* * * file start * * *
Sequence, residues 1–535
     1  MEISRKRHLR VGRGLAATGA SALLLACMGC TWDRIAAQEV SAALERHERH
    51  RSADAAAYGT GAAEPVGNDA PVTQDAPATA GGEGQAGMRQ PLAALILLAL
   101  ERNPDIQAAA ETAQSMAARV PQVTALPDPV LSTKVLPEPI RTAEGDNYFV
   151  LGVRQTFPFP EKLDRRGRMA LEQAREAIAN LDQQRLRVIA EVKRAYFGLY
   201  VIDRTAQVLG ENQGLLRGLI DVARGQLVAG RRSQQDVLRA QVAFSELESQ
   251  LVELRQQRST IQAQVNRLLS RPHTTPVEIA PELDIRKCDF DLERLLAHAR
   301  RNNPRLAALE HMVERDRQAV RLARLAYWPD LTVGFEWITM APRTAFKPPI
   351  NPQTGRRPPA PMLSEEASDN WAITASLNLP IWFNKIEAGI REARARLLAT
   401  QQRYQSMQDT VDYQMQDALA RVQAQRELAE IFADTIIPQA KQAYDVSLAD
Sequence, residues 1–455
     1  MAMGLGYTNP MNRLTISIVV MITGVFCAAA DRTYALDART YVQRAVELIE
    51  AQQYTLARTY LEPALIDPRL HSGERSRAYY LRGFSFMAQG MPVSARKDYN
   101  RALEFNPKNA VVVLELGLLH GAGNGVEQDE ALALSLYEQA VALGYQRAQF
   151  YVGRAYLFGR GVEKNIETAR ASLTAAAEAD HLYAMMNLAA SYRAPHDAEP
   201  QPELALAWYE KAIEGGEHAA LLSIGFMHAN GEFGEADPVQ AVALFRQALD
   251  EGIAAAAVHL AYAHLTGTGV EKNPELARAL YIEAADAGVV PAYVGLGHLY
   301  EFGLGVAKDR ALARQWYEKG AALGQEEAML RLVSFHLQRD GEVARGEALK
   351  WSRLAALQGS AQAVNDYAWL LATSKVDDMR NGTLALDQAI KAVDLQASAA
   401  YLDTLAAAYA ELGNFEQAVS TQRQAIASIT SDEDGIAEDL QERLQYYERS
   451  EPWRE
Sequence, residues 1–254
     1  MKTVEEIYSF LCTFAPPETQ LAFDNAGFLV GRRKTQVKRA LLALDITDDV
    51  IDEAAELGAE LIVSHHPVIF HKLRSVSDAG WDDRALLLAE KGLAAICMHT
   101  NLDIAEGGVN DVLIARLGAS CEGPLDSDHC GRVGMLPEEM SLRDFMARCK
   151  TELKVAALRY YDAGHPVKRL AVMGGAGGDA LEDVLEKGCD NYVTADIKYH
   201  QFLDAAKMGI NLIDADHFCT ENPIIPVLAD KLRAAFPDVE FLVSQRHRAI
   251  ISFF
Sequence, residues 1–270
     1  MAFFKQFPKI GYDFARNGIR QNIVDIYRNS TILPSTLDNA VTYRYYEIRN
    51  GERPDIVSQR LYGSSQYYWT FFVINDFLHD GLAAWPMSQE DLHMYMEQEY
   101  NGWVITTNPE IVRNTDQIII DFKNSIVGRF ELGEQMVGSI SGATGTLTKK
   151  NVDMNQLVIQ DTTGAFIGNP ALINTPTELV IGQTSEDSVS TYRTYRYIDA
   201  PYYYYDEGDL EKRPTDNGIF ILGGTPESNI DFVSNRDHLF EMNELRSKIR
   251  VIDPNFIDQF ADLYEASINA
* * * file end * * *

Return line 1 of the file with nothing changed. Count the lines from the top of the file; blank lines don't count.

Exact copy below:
Sequence, residues 1–535